Monday, November 4, 2013 know you're old when...

Bill Clinton called me last night. Okay, so it was one of those automated political calls, urging me to vote for our local Democratic candidate, but still, I’m going with Bill Clinton called me last night.

He was sure to remind me that we were neighbors, live in the same county. Personally, I think the neighborly thing to do would be for him to bake me a pie, but okay, I’ll go with the phone call because he’s kind of a busy guy.

Ah, Bill – my president. I remember when he took office. It seems like lifetimes ago and worlds away. We weren’t at war, I slept nights, and there was this word they used called “surplus” that has vanished altogether from our lexicon in the past thirteen years. We had a middle class…and dreams. Ah yes, I remember dreams.

So that got me thinking – and hear me out on this – I’m getting old. And sure, this could be evidenced by my Amazon wish list including things like “The Essential James Taylor” and Eva Cassidy’s “Songbird,” instead of One Direction and Katy Perry, but I also had this little incident at the Apple store this weekend.

I brought in my iPod Nano to be fixed. I made an appointment to bring it to what is rather optimistically called “The Genius Bar” at the Apple store. The Genius Bar, which contains neither geniuses nor libations, so talk amongst yourselves about that one, was manned by what could best be described as a bunch of pimply-faced teenagers. And I mean no disrespect to the dermatologically challenged when I say that. That is just what they looked like to me.

I couldn’t remember what year I got the nano. To me, it’s still kind of a new-fangled gizmo. (And my use of both “new-fangled” and “gizmo” should tell you something right there.) No worries. The kid geniuses could look it up. 2006. Okay, not so bad, I’m thinking to myself. Seven years old.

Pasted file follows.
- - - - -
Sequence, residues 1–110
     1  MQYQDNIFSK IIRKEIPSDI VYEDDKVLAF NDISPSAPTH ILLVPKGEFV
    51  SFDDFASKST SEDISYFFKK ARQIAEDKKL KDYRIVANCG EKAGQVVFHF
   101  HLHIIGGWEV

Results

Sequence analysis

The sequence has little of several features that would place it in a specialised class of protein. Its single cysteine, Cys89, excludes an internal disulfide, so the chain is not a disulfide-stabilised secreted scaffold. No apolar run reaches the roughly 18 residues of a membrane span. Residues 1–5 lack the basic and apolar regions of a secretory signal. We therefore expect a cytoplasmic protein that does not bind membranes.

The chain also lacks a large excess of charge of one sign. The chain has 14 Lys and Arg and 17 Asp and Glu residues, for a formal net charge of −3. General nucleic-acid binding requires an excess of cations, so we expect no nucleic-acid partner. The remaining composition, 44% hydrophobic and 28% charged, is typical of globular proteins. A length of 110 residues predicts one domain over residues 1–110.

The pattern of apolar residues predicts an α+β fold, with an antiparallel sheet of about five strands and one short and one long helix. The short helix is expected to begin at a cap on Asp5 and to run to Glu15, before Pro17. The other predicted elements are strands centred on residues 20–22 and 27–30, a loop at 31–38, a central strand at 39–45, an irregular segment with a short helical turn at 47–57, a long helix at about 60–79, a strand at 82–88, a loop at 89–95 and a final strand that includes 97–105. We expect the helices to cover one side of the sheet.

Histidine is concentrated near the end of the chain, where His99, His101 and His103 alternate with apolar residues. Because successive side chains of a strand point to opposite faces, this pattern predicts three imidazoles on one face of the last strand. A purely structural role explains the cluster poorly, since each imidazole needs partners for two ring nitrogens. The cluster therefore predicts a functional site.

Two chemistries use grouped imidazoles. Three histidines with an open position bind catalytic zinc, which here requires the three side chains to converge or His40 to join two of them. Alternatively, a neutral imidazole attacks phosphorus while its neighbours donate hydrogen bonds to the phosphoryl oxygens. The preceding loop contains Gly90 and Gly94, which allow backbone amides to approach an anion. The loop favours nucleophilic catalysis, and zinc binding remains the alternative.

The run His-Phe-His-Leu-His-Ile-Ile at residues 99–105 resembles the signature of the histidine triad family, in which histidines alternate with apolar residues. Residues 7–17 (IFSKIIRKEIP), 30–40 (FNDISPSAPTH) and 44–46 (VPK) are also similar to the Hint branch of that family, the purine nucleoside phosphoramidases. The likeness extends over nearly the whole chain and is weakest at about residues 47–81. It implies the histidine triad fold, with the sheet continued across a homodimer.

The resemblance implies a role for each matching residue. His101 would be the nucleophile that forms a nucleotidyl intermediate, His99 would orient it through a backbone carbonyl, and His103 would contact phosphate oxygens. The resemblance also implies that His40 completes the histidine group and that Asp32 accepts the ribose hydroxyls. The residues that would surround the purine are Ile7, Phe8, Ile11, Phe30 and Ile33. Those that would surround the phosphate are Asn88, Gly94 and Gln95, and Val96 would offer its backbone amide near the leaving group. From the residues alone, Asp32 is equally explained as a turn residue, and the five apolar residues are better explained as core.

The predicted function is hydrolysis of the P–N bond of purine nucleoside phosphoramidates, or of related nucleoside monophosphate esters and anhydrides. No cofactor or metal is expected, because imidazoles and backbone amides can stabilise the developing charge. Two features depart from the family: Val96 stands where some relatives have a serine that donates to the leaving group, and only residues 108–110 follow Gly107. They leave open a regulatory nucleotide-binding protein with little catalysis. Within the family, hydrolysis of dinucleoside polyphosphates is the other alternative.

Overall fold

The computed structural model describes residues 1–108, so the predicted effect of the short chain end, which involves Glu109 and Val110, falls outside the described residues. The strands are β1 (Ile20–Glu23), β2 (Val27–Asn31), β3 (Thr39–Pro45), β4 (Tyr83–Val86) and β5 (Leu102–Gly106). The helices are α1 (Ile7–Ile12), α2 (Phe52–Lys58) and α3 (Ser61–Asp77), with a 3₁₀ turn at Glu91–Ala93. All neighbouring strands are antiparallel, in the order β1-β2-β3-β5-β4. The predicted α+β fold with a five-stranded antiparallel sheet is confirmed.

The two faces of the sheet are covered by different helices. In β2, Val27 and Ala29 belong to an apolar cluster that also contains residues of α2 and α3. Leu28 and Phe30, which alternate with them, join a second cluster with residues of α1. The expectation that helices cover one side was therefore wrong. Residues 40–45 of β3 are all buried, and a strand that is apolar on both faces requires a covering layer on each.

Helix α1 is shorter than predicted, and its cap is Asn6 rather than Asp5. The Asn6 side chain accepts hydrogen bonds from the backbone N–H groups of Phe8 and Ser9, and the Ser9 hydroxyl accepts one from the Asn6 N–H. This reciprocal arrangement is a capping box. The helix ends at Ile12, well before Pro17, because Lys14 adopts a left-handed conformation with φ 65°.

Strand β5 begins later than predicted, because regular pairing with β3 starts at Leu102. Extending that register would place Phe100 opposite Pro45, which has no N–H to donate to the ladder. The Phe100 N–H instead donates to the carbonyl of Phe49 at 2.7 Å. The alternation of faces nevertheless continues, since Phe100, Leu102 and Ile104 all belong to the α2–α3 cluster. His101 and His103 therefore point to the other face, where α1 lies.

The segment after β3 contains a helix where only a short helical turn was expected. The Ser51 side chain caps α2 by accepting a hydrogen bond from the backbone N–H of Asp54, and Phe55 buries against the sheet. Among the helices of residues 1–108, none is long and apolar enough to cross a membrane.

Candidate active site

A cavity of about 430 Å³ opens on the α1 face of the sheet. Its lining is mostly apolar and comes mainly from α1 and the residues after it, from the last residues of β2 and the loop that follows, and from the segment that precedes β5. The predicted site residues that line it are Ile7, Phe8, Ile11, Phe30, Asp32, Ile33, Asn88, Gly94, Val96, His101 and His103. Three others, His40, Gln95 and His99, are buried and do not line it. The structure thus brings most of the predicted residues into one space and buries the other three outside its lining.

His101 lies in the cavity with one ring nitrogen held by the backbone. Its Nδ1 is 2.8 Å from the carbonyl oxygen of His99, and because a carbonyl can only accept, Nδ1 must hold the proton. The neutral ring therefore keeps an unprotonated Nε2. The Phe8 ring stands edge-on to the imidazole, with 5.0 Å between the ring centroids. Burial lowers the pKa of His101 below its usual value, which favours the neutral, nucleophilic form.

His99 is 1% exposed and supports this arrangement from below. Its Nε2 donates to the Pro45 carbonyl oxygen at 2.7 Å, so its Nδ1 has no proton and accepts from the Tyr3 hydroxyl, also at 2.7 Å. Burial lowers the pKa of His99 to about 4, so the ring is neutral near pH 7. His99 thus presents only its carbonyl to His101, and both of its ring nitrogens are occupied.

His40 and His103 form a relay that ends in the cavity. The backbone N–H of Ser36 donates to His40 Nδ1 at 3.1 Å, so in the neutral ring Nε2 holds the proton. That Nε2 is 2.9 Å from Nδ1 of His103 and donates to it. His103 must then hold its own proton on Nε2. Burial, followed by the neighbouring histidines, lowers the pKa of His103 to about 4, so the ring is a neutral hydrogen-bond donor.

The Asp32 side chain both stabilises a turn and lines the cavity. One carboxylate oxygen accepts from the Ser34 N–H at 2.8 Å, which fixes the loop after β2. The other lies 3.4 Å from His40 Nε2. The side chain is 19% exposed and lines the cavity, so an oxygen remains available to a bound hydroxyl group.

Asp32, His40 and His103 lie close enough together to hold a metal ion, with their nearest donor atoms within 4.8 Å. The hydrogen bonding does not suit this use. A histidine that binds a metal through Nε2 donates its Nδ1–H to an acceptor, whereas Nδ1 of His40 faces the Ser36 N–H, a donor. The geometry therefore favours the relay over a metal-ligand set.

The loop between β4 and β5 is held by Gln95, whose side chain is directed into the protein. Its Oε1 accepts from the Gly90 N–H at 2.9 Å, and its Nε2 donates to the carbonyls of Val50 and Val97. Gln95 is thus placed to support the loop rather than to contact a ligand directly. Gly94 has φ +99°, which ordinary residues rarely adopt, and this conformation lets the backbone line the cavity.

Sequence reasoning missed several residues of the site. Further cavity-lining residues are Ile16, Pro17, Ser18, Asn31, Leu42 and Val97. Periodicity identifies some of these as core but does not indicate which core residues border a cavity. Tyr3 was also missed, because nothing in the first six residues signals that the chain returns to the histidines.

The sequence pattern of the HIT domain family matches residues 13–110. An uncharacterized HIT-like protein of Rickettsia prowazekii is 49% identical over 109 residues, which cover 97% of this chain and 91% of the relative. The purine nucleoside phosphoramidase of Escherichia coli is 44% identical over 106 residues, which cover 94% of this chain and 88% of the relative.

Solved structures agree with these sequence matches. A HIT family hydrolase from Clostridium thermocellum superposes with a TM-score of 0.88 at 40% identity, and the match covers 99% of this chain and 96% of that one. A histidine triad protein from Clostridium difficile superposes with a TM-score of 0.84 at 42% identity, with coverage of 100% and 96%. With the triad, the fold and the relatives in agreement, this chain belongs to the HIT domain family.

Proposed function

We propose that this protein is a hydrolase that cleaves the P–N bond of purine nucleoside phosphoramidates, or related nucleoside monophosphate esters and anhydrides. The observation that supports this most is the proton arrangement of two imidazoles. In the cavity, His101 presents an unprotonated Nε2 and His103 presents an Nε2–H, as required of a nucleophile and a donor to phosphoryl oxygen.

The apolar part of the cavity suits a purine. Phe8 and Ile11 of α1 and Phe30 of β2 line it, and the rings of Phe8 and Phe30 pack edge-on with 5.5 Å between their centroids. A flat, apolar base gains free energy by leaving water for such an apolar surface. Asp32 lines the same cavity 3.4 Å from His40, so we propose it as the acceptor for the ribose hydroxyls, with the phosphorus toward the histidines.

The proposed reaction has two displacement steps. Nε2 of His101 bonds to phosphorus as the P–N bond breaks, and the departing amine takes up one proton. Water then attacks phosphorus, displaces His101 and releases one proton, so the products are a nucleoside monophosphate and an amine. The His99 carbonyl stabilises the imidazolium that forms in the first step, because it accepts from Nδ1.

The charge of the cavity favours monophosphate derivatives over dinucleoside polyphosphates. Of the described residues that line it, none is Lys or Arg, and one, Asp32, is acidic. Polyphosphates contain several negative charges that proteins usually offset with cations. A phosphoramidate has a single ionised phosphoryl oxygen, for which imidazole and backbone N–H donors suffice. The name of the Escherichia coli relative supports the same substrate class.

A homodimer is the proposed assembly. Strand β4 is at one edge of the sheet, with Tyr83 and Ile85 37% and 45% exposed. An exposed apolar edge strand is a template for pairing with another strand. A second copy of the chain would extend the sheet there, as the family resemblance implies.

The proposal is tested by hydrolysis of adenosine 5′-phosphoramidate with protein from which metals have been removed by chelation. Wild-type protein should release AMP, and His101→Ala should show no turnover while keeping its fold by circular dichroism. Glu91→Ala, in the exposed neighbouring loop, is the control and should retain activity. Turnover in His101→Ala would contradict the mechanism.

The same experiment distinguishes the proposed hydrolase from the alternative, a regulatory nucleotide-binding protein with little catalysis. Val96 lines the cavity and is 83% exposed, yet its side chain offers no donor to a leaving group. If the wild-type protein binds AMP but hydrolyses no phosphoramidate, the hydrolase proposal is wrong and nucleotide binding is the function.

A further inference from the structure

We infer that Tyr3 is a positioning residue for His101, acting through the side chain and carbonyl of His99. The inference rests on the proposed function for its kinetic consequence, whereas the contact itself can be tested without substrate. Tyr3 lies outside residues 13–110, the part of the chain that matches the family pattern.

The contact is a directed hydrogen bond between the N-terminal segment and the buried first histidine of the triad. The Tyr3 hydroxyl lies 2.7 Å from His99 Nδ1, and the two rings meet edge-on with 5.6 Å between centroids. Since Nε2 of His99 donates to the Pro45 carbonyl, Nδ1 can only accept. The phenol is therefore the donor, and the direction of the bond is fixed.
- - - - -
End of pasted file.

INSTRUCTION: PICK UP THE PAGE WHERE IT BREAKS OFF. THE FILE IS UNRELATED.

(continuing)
So kid genius #1 informs me that the only thing he could do is basically uninstall and reinstall the updated software for it, effectively wiping out everything that’s on there. I pretend to a) understand him, and b) hope he actually knows how to do what he’s just, a little too tentatively, explained to me.

He plugs my trusty iPod into his Mac computer. I’m wondering just how old he actually is. He looks confused. Something’s not working right. He asks genius #2 standing next to him for help. Genius #2 can’t help him, so he tries genius #3. All geniuses are marveling at my iPod Nano. One of them says, “I’ve never seen one of these before.” I start doing the math. If this genius is really a teenager, then he would have been in elementary school when I got my iPod Nano. Talk about a real buzz-kill.

Finally, my very own genius realizes that the current software is incompatible with the old iPod. Why? Because Apple would like me to buy a new iPod. Seriously???!!!

He offers to set me up with my very own sales associate to look at the new iPods. I want to point out that my Sony Walkman cassette player from the 80’s still works just fine, but I know that reference would be the equivalent of caveman etchings to him. So I go off with the sales associate before leaving the Apple store with nothing but the iPod Nano with which I came.

I text a friend, who finds my whole experience funny. (And don’t I get youthful points for texting?)

“How does it feel to be over 40?” he teases, not knowing exactly how old I am. I contemplate telling him I wouldn’t know, but that cracks even me up.

I start thinking about the geniuses again. I’ve had headaches that lasted longer than some of them have been alive.

I get a little melancholy about how I miss the warmth of analog, the crackle of the 33, the days before autotune, when singers had to be able to actually sing, by golly. And I thank God that Barbra Streisand and Celine Dion didn’t have to twerk.

I wonder how we miraculously reached adulthood riding our bikes without helmets and knee pads. And how our precious little psyches survived everyone not getting a trophy but the one who legitimately earned it. And by the way, when the hell did men start waxing off all their chest hair? Call me crazy, I don’t find it sexy.

Then Bill Clinton called. (I know, questionable segue after the chest hair comment, but what the hell.) I reveled for a second in the familiarity of his voice, of the time his presidency represented to me, before 9/11, when we lived in blissful ignorance, oblivious to any potential peril lurking, believing in the promise of a brighter tomorrow.

I realize that Bill Clinton took office twenty-one years ago, and because Election Day is tomorrow, I’m, perhaps, a bit more reflective than usual. I am, at heart, a dreamer. And so I still believe that our best days are ahead of us, that we are our brothers’ and sisters’ keepers, and that love is indeed the only sane, rational, and sustainable choice there is.

Thanks for stopping by. And old or young, please tell your friends.

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